Microsoft Office Tutorials and References
In Depth Information
2.2.2 Readability
Let me emphasize that commenting code is almost as much of an art as writing the code itself. I
have often seen comments similar to the following:
' Set x equal to 5
x = 5
This comment is pretty useless, since the actual code is self-explanatory. It simply wastes time and
space. (In a teaching tool, such as this topic, you may find some comments that would otherwise
be left out of a professionally written program.)
A good test of the quality of your comments is to read just the comments (not the code) to see if
you get a good sense not only of what the program is designed to do, but also of the steps that are
used to accomplish the program's goal. For example, here are the comments from a short BASIC
program that appears in Appendix F :
' BASIC program to compute the average
' of a set of at most 100 numbers
' Ask for the number of numbers
' If Num is between 1 and 100 then proceed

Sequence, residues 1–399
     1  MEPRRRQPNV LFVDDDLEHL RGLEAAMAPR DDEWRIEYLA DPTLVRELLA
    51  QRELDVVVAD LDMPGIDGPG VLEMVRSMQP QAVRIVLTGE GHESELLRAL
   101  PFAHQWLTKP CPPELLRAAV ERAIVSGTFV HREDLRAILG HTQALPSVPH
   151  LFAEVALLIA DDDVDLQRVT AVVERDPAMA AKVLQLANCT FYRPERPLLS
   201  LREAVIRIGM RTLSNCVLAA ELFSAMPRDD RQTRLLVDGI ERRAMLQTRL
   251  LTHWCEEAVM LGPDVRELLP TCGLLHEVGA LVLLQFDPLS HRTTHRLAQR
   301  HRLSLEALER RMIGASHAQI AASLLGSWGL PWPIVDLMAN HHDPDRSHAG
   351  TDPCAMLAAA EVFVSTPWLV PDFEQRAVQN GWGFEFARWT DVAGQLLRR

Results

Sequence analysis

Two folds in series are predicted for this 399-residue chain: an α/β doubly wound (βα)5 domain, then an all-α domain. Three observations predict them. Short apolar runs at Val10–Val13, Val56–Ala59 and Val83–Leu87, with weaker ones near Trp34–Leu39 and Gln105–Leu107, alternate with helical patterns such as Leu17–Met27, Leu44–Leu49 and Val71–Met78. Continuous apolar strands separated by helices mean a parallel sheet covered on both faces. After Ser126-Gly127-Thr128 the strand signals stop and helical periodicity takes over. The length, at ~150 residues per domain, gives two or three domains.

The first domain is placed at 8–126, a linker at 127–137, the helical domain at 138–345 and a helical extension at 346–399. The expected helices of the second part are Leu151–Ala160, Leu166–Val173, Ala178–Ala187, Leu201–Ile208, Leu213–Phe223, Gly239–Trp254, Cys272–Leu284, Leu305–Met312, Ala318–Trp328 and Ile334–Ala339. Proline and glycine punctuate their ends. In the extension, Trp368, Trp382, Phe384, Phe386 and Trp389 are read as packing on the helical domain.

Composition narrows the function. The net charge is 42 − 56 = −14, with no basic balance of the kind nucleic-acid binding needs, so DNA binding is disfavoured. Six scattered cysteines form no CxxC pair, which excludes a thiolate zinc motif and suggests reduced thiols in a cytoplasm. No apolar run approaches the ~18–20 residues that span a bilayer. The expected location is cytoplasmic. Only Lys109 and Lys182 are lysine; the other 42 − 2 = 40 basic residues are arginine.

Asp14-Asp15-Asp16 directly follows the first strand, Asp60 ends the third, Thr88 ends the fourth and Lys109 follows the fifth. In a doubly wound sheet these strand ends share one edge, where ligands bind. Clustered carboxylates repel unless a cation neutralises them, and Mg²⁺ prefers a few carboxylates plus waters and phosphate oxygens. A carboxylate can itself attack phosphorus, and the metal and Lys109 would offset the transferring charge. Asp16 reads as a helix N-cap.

' Loop to collect the numbers to average
' Ask for next number
' Add the number to the running sum
' Compute the average
' Display the average
2.2.2 Readability
Readability is also a subjective matter. What is readable to one person may not be readable to
another. In fact, it is probably fair to say that what is readable to the author of a program is likely
to be less readable to everyone else , at least to some degree. It is wise to keep this in mind when
you start programming (that is, assuming you want others to be able to read your programs).
One of the greatest offenders to code readability is the infamous GOTO statement, of which many
languages (including VBA) have some variety or other. It is not my intention to dwell upon the
GOTO statement, but it will help illustrate the issue of good programming style.
The GOTO statement is very simpleā€”it just redirects program execution to another location. For
instance, the following BASIC code asks the user for a positive number. If the user enters a
nonpositive number, the GOTO portion of the code redirects execution to the first line of the
program (the label TryAgain ). This causes the entire program to be executed again. In short, the
program will repeat until the user enters a positive number:
TryAgain:
INPUT "Enter a positive number: ", x
IF x <= 0 THEN GOTO TryAgain
While the previous example may not be good programming style, it is at least readable. However,
the following code is much more difficult to read:
TryAgain:
INPUT "Enter a number between 1 and 100: ", x
IF x > 100 THEN GOTO TooLarge
IF x <= 0 THEN GOTO TooSmall
PRINT "Your number is: ", x
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